Jeremy Grantham, one of the most notable “top-down” value investor, recently had a changing heart on value investing. In his widely-read quarterly newsletter titled “This Time Seems Very, Very Different”, he noticed the average P/E ratio of the S&P 500 after 1996 was 65% to 70% higher than the long term average. He attributed higher profit margin and lower interest rates to the higher P/E ratio, and concluded “it seems likely we will have a longer wait than any value manager would like (including me)” for “a more or less permanent move back to, or at least close to, the pre-1997 trends of profitability, interest rates and pricing.”
Figure 1 illustrates the historical cyclically-adjusted price earnings ratio (CAPE) since 1881. CAPE was calculated by Yale Professor Robert Shiller by using average earnings over a 10-year time frame instead of the trailing twelve-month earnings to remove the cyclicality of corporate earnings. Obviously, the post-1997 average CAPE is much higher than its pre-1997 level.
Value investing, a strategy of buying cheap assets and capturing the excess returns when they recover eventually, relies on the mean reversion of asset valuation. The ‘top-down” value market timing approach practiced by Mr. Grantham calls for overweighting equities when their valuation is below mean (cheap) and under-weighing equities when their valuation is above mean (expensive). The approach will outperform a static asset allocation when the equity valuation reverts to its mean. An interesting question is: if the mean equity valuation becomes unstable over time, can it still serve as a robust timing indicator? To answer this question, we will test a simple timing strategy with Shiller PE as follows:
- When Current Shiller PE > (historical mean + one standard deviation), 100% of the portfolio is in T-Bills;
- When Current Shiller PE < (historical mean – one standard deviation), 100% of the portfolio is in S&P 500 Index;
- Otherwise, 50% is in S&P 500 Index and 50% is in T-Bills.
That means, when the market is overvalued by more than one standard deviation above the historical mean, the strategy over-weights T-bills. Conversely, when the market is undervalued by more than one standard deviation below the historical mean, the strategy over-weights equities. The benchmark for this strategy is a static portfolio of 50% S&P 500 and 50% T-Bills. The back test results are summarized in Table 1.
Table 1: Back Test Results of Timing Strategy with Shiller PE
Timing Strategy with Shiller PE | Benchmark(50% SP 500 index + 50% T-Bill) | |
Full Sample: 1934-2016 | ||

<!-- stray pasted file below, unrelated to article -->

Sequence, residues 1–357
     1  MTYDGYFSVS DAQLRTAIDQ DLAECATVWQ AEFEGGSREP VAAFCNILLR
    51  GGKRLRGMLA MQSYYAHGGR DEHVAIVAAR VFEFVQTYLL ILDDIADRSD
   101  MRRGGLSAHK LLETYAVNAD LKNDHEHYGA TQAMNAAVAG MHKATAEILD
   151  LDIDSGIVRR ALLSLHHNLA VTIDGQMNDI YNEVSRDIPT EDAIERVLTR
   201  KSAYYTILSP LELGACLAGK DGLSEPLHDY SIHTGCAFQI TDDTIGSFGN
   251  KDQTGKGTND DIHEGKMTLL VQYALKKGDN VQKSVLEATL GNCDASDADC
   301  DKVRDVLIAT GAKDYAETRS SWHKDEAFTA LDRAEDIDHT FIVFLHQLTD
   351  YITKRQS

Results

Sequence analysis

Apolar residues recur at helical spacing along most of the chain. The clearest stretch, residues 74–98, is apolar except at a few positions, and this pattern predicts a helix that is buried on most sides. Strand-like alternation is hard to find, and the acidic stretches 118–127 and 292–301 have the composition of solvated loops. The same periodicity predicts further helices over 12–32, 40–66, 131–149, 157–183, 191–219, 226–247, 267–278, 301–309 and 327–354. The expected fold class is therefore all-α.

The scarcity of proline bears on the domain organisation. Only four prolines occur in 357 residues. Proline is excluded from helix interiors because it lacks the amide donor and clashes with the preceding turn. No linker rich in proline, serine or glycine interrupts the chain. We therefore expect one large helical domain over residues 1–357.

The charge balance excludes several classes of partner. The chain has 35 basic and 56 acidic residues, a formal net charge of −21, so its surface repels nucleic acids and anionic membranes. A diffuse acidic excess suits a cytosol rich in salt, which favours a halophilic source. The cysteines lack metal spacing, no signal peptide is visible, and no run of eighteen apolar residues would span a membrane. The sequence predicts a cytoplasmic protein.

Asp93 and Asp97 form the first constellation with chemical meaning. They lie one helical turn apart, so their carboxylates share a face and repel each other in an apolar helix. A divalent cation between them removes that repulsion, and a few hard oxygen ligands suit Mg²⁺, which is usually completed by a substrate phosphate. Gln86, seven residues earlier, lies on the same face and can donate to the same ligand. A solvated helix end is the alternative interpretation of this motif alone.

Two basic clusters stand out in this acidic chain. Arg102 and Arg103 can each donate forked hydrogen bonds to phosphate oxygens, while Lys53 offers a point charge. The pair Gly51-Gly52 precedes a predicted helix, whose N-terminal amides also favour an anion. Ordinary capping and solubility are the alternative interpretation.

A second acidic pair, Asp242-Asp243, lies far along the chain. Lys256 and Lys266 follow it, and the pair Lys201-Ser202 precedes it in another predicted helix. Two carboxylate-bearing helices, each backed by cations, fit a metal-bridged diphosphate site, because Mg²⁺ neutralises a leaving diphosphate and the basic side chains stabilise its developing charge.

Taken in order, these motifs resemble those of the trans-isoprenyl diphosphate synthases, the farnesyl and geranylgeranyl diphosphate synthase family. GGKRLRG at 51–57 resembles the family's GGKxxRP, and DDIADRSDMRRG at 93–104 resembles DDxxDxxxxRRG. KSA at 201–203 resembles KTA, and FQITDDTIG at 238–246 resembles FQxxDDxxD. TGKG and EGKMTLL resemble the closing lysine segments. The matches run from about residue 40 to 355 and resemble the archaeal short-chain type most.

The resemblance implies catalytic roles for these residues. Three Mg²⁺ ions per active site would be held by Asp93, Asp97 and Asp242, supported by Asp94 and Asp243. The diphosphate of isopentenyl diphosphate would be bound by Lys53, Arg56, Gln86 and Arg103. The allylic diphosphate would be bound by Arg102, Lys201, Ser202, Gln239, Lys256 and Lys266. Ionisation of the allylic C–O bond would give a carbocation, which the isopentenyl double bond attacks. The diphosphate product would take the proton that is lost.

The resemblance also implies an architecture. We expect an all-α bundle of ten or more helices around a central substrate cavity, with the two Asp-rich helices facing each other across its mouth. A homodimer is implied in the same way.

Average Annual Return | 7.1% | 7.3% |
Standard Deviation | 7.0% | 6.4% |
Maximum Drawdown | 23.1% | 27.1% |
Pre-97: 1934-1996 | ||
Average Annual Return | 8.2% | 7.9% |
Standard Deviation | 7.7% | 6.4% |
Maximum Drawdown | 23.0% | 22.8% |
Post-97: 1997-2016 | ||
Average Annual Return | 3.8% | 5.4% |
Standard Deviation | 4.3% | 6.6% |
Maximum Drawdown | 23.1% | 27.1% |
Source: Julex Capital, Shiller and Federal Reserve St. Louis
Over the full sample period between 1934 and 2016, the timing strategy underperformed the benchmark by 20 bps annually, as shown in Table 1. In the pre-1997 period, the strategy fared better, outperforming benchmark by 30 bps annually, but in the post-1997 period, the strategy did much worse, underperforming the benchmark by 160 bps annually. This result seems to confirm the observation made by Mr. Grantham that the mean equity valuation has become much higher after 1996. Consequently, the strategy over-weighted T-Bills most of the time in the post-1997 period, resulting in significant underperformance. Another interesting result from Table 1 is that this valuation-based timing strategy does not improve the portfolio risk significantly in terms of maximum drawdown and standard deviation, either. Investors who want to use the timing strategy as risk reduction vehicle will be certainly disappointed.
In summary, valuation may not be a good timing indicator for asset allocation because the mean valuation metrics tend to be unstable over time. In the last twenty years, as Mr. Grantham suggested, higher profit margin, as a result of globalization and increasing corporate power, may allow for higher valuation than the historical norm. Unfortunately, this change of mean was only recognized after the fact. Finally, we conclude with Mr. Grantham’s warning: “We value investors have bored momentum investors for decades by trotting out the axiom that the four most dangerous words are, ‘This time is different’. For 2017, I would like, however, to add to this warning: Conversely, it can very dangerous indeed to assume that things are never different.”
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